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Why Facebook made this domestic abuse victims skin crawl
Domestic abuse victims are worried about Facebook, since they can't register under a false name, which leaves them vulnerable to their attackers finding them. - photo by Herb Scribner
Facebook has drawn criticism in recent days from domestic abuse victims who claim the social networks policy against anonymity has led victims to have unwarranted interactions with their attackers over social media.

Some victims say they have received online messages from their former attackers because they couldnt create a social media account under a false name to protect themselves, according to The Daily Beast.

This can be especially troubling for domestic abuse victims because the majority of domestic abuse murders happen after a partner leaves a relationship, according to The Guardian.

My blood ran cold, I was sweating, and [having] heart palpitations opening the message, a woman named Lily told The Daily Beast after she received a message from an ex who previously abused her. It made my skin crawl.

Those who sign up under a false name run the risk of having their account suspended by Facebook. They may also be required to send identification to Facebook to regain access to the social network, The Daily Beast reported.

While the Facebook policy has garnered criticism in recent weeks, it was originally intended to prevent users from creating offensive names that are inappropriate, according to The Daily Beast.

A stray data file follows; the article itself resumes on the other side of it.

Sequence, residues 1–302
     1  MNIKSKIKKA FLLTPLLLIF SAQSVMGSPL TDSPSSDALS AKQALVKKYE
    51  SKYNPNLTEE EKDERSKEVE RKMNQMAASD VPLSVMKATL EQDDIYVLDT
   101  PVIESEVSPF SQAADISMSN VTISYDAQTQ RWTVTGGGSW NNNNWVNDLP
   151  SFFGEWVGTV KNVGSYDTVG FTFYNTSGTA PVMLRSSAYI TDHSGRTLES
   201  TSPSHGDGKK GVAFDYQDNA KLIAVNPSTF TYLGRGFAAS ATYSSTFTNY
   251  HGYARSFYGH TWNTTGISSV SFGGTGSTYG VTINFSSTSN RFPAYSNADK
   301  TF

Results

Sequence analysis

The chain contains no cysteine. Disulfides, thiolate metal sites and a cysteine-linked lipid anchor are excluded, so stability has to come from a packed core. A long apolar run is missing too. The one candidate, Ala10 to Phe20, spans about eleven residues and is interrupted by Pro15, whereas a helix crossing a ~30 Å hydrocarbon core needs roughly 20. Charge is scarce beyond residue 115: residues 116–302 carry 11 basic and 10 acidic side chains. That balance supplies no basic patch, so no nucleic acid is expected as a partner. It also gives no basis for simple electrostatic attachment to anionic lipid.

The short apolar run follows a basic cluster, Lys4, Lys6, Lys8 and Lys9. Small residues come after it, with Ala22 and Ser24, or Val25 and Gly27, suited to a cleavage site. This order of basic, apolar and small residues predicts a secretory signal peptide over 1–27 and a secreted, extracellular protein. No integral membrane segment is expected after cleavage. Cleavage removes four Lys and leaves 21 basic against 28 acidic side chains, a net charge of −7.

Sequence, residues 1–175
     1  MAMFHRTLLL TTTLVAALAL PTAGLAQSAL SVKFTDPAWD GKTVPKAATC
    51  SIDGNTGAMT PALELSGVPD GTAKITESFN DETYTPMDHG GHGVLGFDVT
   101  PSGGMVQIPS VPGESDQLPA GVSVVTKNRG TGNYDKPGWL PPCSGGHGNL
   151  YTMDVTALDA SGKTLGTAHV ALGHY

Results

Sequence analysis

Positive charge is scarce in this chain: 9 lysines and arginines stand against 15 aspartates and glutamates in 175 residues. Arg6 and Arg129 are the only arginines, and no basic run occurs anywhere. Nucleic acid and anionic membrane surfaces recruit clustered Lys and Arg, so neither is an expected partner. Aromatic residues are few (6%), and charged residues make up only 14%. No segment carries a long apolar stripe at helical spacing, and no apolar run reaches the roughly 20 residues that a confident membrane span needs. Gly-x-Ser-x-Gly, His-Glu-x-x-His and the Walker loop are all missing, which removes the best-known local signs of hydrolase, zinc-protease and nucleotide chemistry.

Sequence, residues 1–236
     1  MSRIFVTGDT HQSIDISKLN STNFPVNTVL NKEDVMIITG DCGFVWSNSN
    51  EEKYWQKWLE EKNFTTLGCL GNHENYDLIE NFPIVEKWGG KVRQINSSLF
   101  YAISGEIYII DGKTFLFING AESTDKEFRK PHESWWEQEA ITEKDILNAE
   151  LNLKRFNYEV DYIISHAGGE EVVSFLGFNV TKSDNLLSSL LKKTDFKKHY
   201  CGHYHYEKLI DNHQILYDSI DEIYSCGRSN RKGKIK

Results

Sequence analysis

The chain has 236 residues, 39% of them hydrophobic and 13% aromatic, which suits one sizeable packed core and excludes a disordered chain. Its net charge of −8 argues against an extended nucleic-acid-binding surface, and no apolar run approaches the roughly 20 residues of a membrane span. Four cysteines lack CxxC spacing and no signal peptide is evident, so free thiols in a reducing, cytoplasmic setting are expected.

I can understand why this is difficult, privacy expert Elissa Shevinsky told The Daily Beast. Real names create a certain kind of community and prevent the most common types of harassment and abuse.

But it's not always easy to find the proper balance. Facebooks help center says the social media site aims to keep the community safe as much as it can, and calls for users to report anyone who may be sexually harassing them online.

The National Network to End Domestic Violence, a nonprofit organization that helps domestic abuse victims (and has been part of Facebooks advisory board since 2010), has also worked to make Facebook a safer place. To help, the NNEDV released a Facebook guide for domestic abuse victims, which explains Facebook's privacy policies so victims can better shield themselves from their former abusers.

Privacy and safety go hand in hand for survivors, the NNEDV page reads. The most dangerous time for a victim of abuse is when they are preparing to leave or have left an abusive partner. It is critical that survivors have the information that they need to navigate their lives safely and, in todays digital age, a significant part of our lives are online.

There are also a number of domestic abuse support groups on Facebook for victims to join, including Life Letters Domestic Support Group, a private Facebook support group that allows victims to share their abuse stories with each other.

Sharing domestic abuse stories has been known to help victims feel more supported and make victims more aware of preventative measures they can take in the future.

Domestic violence stories may be shared within a vast array of forums or settings, which can include lectures, workshops, focus groups, literature, and seminars all of which may allow for the abuse suffered by victims of domestic violence to proliferate the awareness of the potential damage latent within each circumstance of domestic violence taking place, according to Domestic Violence Laws.
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